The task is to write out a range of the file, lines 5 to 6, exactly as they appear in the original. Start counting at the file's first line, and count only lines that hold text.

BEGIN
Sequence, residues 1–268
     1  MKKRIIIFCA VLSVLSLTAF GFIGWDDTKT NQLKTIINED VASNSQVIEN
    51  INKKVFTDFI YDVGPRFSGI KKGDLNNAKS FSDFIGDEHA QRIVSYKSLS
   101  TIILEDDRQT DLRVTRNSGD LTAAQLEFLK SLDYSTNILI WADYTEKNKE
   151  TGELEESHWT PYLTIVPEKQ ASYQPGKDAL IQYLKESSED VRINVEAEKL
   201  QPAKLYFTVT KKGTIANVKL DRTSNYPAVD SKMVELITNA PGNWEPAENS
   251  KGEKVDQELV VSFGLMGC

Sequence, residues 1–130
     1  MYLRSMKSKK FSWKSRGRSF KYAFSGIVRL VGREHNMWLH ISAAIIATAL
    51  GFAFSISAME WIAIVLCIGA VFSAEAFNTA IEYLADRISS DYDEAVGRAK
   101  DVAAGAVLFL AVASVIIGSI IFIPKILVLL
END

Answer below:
   151  TGELEESHWT PYLTIVPEKQ ASYQPGKDAL IQYLKESSED VRINVEAEKL
   201  QPAKLYFTVT KKGTIANVKL DRTSNYPAVD SKMVELITNA PGNWEPAENS